I don't even know where to begin with this largely odd and plodding motion picture. "Rango" is an animated spaghetti western slapstick comedy with heavy hallucinatory asides and a taste for film references. Born from the screenwriter of "Gladiator" and directed by the man who launched and promptly sank the "Pirates of the Caribbean" franchise, "Rango" is a tricky film to summarize, but a fairly easy picture to ignore.
When his terrarium is smashed in the middle of the desert, a cloistered chameleon (Johnny Depp) is freed for the first time in his life, left out in the vast unknown with nothing but his dedication to the theatrical arts to protect him. Stumbling upon the drought-stricken town of Dirt, the jittery chameleon is forced to reinvent himself to survive in the gunslinger community. Becoming a hero named Rango, the wily lizard is soon made sheriff, tasked with keeping peace as the nervous residents confront the water shortage. With Mayor Tortoise John (Ned Beatty) providing little help, Rango and his posse, including romantic interest Beans (Isla Fisher), head off into the great unknown on the hunt for water, uncovering secrets and finding purpose in the sun-baked wasteland.
I suppose in the animated film realm, any semblance of originality should be cherished. While riddled with movie parody, "Rango" is a fairly original take on traditional cartoon antics, taking a droll route of comedy to expand the crusty adventures of a chameleon in over his head. However, it's a vacillating sense of humor, attempting to play to adults and kids with pratfalls and dark comedy, having a jolly time exploring body trauma and violent widescreen western traditions, reworked here to include a habitat of battered desert creatures poured into archetypal roles while retaining their animal instincts. Writer John Logan obviously scripts with attention, proudly displaying his film geek cred (the movie snatches plot and a few character designs from "Chinatown"), hunting down an irreverent tone that merges broadly animated behavior with true hero yearn, hoping to create meaningful chaos. The shifting tonalities don't blend smoothly, and worse, "Rango" doesn't feature a single bellylaugh.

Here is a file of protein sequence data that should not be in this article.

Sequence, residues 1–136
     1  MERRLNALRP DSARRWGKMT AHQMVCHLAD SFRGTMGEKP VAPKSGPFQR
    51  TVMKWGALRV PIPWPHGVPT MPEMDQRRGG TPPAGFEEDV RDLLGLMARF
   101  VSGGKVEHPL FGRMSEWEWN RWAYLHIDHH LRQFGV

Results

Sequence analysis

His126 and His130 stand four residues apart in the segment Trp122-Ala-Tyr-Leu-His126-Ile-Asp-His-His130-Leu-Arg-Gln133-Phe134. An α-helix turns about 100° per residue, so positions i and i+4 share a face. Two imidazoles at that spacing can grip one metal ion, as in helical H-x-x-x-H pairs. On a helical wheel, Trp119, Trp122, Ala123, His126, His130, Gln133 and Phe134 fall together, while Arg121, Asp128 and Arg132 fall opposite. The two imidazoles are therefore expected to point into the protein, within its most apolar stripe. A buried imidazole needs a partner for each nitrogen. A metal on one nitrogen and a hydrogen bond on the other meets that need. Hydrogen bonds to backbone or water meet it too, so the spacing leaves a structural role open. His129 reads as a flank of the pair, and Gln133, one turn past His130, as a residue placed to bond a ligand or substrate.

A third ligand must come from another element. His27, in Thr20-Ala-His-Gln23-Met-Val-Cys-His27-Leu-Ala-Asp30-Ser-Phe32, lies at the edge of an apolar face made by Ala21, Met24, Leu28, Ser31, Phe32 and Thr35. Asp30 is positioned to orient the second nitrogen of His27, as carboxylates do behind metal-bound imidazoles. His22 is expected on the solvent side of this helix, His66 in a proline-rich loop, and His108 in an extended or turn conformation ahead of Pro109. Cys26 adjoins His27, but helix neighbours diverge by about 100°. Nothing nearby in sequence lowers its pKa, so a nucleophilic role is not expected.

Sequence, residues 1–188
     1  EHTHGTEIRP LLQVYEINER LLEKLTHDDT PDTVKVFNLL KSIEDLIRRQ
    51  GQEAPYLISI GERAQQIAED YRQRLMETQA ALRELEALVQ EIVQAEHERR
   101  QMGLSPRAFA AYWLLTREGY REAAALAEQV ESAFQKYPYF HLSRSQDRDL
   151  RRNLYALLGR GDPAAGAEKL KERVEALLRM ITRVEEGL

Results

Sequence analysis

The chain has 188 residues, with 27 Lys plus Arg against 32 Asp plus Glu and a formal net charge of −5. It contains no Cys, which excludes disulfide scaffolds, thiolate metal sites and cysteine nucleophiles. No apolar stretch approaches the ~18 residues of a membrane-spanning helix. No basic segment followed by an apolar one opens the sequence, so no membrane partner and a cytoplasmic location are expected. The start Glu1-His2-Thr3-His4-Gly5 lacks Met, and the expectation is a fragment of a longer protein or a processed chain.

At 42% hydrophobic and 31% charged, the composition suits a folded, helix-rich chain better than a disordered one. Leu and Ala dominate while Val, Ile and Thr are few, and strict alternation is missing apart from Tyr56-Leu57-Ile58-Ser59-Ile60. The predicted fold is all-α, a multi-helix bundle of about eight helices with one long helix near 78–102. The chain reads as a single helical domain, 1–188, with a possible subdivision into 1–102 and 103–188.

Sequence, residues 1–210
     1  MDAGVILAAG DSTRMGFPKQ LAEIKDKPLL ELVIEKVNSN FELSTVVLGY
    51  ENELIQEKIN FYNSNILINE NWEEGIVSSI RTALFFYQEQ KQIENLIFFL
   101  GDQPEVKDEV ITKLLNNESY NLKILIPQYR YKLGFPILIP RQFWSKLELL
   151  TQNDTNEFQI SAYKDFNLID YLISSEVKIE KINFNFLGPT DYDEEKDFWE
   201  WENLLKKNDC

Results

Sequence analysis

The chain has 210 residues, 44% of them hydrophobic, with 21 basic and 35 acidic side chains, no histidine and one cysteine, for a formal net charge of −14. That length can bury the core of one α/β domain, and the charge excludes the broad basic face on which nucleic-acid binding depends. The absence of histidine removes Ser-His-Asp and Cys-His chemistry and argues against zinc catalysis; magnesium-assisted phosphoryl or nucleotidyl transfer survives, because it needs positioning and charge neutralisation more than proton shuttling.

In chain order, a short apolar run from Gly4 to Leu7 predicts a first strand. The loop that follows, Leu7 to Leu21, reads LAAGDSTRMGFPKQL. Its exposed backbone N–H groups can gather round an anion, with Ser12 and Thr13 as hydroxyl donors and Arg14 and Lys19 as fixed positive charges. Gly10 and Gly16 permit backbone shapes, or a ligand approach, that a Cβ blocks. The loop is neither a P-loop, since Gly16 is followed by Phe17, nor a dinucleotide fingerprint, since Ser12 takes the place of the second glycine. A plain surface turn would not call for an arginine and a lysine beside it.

Director Gore Verbinski is lost in the film's choreography, wrapped up in the striking western look, which is expertly animated down to the last itchy detail. "Rango" is a gorgeous picture, but its soullessness wears down the viewing experience. Caught between jokes and delusions, the picture doesn't build momentum, frequently stopping to soak in the stillborn antics of our hero, who employs his ease with acting to dupe Dirt into believing he's the man with a plan, encountering gangs of possums, fighting off predatory hawks, and staring down the dreaded Rattlesnake Jake (Bill Nighy), hoping to secure the companionship he's always wanted with fractured crush Beans. Verbinksi stages large-scale action sequences and adores tinkering with western convention, but he's leaking gas the entire way. "Rango" slows to a crawl when it starts to take the titular character seriously, providing pathos for an uncharismatic chameleon and his whiny partners in the water-hunting business.
"Rango" is an exercise in cleverness, and that detachment robs the picture of the joy it craves. Instead of getting caught up in Rango's existential crisis and six-gun sham, Verbinksi would rather show off his staging expertise, while Logan dreams up leaden jokes and cutesy cameos (Depp reprises his take on Hunter S. Thompson for a windshield gag). "Rango" doesn't build to anything substantial, instead dragging along interminably while its sense of humor succumbs to heat exhaustion.
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